"Language is not a vague province": mapping and twentieth-century American poetry

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Newmann, Alba Rebecca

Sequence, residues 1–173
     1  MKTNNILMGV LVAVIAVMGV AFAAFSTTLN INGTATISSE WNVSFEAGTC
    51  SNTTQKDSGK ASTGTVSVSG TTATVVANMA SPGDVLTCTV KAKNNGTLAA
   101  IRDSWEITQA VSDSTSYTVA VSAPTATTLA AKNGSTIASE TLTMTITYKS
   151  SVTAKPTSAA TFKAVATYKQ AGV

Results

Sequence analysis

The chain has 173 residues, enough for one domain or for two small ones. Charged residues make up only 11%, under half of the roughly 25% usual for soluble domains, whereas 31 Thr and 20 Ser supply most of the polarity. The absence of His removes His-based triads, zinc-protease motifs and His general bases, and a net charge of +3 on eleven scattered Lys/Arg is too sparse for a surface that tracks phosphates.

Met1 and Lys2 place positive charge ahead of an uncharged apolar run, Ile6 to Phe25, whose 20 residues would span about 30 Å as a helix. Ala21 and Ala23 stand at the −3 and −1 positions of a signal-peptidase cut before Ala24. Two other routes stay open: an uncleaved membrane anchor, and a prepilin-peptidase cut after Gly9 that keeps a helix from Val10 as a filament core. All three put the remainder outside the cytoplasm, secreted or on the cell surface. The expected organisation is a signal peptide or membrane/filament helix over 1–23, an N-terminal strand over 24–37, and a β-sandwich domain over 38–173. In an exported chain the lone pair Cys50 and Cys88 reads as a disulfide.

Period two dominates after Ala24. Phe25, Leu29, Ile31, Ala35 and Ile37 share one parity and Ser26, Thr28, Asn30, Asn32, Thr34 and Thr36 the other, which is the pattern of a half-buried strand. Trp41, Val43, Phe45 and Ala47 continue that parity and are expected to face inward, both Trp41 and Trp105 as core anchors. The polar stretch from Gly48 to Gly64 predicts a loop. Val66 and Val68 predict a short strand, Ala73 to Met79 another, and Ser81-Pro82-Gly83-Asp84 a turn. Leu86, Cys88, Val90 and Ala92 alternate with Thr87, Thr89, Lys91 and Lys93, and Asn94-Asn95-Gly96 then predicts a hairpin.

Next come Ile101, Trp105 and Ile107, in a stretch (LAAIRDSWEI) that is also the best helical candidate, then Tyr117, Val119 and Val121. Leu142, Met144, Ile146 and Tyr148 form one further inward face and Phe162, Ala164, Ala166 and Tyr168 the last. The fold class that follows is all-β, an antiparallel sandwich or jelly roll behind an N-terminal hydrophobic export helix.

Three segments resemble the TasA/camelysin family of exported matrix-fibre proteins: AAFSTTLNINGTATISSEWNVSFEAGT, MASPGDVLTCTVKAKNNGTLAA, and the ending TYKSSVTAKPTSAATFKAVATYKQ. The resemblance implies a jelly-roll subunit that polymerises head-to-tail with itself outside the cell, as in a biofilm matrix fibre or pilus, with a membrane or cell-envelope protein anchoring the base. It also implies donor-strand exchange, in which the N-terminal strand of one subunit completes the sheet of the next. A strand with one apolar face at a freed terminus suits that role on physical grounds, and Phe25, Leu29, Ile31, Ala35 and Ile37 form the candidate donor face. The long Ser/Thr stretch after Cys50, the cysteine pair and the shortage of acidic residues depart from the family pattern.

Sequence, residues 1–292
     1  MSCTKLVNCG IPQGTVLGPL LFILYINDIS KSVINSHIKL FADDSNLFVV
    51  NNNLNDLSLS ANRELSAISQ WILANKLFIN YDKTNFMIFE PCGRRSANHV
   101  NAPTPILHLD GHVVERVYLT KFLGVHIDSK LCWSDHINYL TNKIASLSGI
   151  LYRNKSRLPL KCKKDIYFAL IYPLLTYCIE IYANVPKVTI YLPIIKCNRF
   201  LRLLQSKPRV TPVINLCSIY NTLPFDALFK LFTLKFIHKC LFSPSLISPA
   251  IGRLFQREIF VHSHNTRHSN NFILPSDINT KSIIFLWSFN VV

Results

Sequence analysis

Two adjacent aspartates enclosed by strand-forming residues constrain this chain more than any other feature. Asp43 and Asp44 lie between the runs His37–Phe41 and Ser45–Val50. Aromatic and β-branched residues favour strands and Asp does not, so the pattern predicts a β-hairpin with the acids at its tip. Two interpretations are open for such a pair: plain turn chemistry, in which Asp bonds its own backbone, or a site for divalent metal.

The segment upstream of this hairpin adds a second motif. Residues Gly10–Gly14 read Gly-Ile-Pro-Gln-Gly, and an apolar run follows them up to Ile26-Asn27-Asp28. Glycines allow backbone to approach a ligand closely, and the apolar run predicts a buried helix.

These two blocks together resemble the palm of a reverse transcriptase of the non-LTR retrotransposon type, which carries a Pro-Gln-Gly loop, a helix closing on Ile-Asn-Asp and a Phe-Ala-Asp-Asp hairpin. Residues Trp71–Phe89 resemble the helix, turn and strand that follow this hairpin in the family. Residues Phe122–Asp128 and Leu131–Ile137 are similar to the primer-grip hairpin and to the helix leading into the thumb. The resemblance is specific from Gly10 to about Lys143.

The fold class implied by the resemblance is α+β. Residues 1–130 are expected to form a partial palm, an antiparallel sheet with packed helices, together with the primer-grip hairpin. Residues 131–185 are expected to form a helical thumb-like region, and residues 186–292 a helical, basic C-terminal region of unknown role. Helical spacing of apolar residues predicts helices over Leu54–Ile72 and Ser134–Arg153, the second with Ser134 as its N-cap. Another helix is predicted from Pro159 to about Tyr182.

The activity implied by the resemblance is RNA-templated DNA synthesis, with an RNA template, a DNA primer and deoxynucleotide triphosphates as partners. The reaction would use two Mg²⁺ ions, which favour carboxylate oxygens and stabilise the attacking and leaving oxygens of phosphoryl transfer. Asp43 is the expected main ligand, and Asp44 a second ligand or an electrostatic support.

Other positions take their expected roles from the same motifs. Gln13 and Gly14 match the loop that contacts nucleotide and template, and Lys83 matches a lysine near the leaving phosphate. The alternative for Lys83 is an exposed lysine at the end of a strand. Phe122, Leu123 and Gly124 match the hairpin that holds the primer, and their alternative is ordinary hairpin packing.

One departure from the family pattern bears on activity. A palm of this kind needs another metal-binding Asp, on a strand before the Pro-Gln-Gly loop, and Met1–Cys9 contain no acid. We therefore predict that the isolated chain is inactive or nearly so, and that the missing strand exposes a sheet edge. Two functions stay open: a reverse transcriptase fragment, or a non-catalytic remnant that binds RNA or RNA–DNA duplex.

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In recent years, the terms “mapping” and “cartography” have been used with increasing frequency to describe literature engaged with place. The limitation of much of this scholarship its failure to investigate how maps themselves operate—how they establish relationships and organize knowledge. In this document, I offer a rigorous examination of the structural and epistemological parallels between the fields of poetics and cartography. I argue that William Carlos Williams, Elizabeth Bishop, and Robert Hass can rightly be named cartographic poets, not only because they are invested in places, nor because they write evocatively about maps, but because, while maintaining the commitments to order and analogy long associated with both poetry and mapping, they deliberately challenge the traditional sources of their poetic authority, which include an emphasis on visual mastery and the singular, “authentic” voice of the lyric poet. By offering these challenges, they participate in what J. Hillis Miller identifies as twentieth-century American poetry’s desire to “abandon the will to power over things,” or the “emerging skepticism toward all mastering discourses of vision and voice” that Barbara Page discusses. While each of these poets calls up specific geographical frames of reference— New Jersey, Brazil, Northern California—geographic presence is not, in and of itself, enough to qualify their texts as maps. Maps contain an important dual potential: to master and control what they depict, and to serve as testaments and invitations to exploration. My discussion of cartographic authority, particularly in claims to objectivity, draws on the works of J.B. Harley and Mark Monmonier. Maps, however, allow us to explore not only physical territories, but conceptual ones as well; and it is in the investigation of these potentials I turn to the works of theorists such as Gilles Deleuze and Félix Guattari, Frederick Jameson, and James Corner.